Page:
Federal candidates make pitches to B.C. First Nations at AFN meeting

Several federal election candidates delivered their pitches to B.C. First Nations leadership at a meeting in Musqueam on Thursday, speaking about their commitments to issues like climate change, Indigenous rights and title and the implementation of the United Nations Declaration on the Rights of Indigenous Peoples.

Elected leadership and delegates from 58 First Nations at the B.C. Assembly of First Nations’ annual general assembly listened to what they can expect from the Green, Liberal and New Democratic parties if elected. 

Among the seven candidates who spoke, five were First Nations from communities across the province. 

Despite running for different political parties, the speakers’ tone was cordial. Two of the seven candidates who spoke are running against each other in the same riding. 

“I’m honoured to sit with some really stellar individuals in spite of the fact we might not share the same worldview,” said Joan Phillip, New Democratic Party candidate for the Central Okanagan-Similkameen-Nicola riding.

“I hold you up. I thank you for taking this bold step in wanting to represent us.”

Independent candidates Jody Wilson-Raybould and Jane Philpott were also in attendance and spoke about what they’ll bring to Ottawa if re-elected and where they see First Nations advocacy being crucial in the years to come in areas like on-reserve infrastructure funding and child welfare legislation. 

Independent candidate Jane Philpott and former Minister of Indigenous Services Canada is encouraging First Nations communities to keep advocating for each other in Ottawa, especially in areas like on-reserve infrastructure. (Chantelle Bellrichard/CBC)

Climate change dominated discussions 

Candidates were given five minutes each to talk at the session. A great deal of emphasis was placed on climate change and how addressing its impacts require co-operation and collaboration, and that Indigenous people have a fundamental role to play.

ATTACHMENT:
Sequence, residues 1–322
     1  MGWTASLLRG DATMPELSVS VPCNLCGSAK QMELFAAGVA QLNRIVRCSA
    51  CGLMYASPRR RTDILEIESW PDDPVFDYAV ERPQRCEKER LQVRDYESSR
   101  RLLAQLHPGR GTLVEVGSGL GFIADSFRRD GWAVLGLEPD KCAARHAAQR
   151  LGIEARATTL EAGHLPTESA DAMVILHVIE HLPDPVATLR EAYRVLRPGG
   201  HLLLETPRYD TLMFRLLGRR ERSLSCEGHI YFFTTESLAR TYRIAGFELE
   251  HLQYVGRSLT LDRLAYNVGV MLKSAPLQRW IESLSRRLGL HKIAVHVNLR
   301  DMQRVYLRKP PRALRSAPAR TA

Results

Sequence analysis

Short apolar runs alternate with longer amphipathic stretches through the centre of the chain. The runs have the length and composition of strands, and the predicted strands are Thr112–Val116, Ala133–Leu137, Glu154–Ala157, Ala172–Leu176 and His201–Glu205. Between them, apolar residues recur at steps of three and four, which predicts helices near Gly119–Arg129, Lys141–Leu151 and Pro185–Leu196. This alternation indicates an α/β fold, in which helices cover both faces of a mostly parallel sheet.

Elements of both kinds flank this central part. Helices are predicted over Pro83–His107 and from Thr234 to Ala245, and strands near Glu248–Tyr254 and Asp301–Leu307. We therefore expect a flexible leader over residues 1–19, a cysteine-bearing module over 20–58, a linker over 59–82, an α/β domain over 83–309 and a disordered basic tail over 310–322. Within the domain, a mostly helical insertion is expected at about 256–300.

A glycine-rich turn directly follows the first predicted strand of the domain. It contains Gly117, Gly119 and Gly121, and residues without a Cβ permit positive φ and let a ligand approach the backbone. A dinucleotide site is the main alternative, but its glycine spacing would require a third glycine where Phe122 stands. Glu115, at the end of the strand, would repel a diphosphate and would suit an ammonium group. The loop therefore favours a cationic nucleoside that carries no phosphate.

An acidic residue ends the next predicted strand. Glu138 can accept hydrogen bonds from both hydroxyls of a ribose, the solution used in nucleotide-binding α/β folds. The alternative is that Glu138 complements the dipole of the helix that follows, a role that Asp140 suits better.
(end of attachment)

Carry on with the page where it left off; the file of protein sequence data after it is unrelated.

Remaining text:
Lydia Hwitsum, running as the Green Party candidate for Cowichan-Malahat-Langford, said “As Indigenous people close to the land, close to our territories, we feel it first. We see and feel the impact of climate change in terms of our access to our foods and plants and natural world that has sustained us.”

Teegee commended the candidates for speaking at length about climate change, which he said is “quite frankly the biggest issue,” not only for North America but the world.

He said he was also encouraged in the commitments he heard about implementation of the United Nations Declaration on the Rights of Indigenous Peoples. 

Candidates asked about Trudeau brownface photos

After each candidate spoke, those in the room were invited to ask questions. The first question redirected the conversation in the room to the photos of Liberal leader Justin Trudeau in brownface that were published in the last 24 hours. 

One by one, each of the candidates spoke of their disappointment in Trudeau and many spoke about their own personal experiences with racism. 

“We can’t wash the colour of our skin off; this is who we are,” said Hwitsum. 

Bob Chamberlin, NDP candidate for Nanaimo-Ladysmith, said the photos were a reminder that “racism is alive and well in Canada.”

Phillip said she felt Trudeau’s apology rang hollow to her and that “if he had any integrity whatsoever he would step down.”

Green Party leader Elizabeth May, running for re-election in Saanich-Gulf Islands, said “I felt physically ill.”

Liberal candidate Michelle Corfield speaking to B.C. First Nations leadership at the B.C. AFN annual general meeting at the Musqueam Recreation Centre. (Chantelle Bellrichard/CBC)

Michelle Corfield, Liberal candidate in the Nanaimo-Ladysmith riding, was the last to respond to the question and started by saying she, too, was disappointed. 

“And then I heard it was 20 years ago,” she said.

She reflected on who she was, where she was and what she was doing 20 years ago and talked about how her grandmother taught her that people make mistakes and need to be forgiven when they ask for it. 

“What I say today is I hope the country learns a lesson from this and that they take away something that is going to change people… That is my hope because he has asked for forgiveness, he has said sorry. It is now time for us as a country to look at that and take something from it.”

The annual general assembly runs until Friday.

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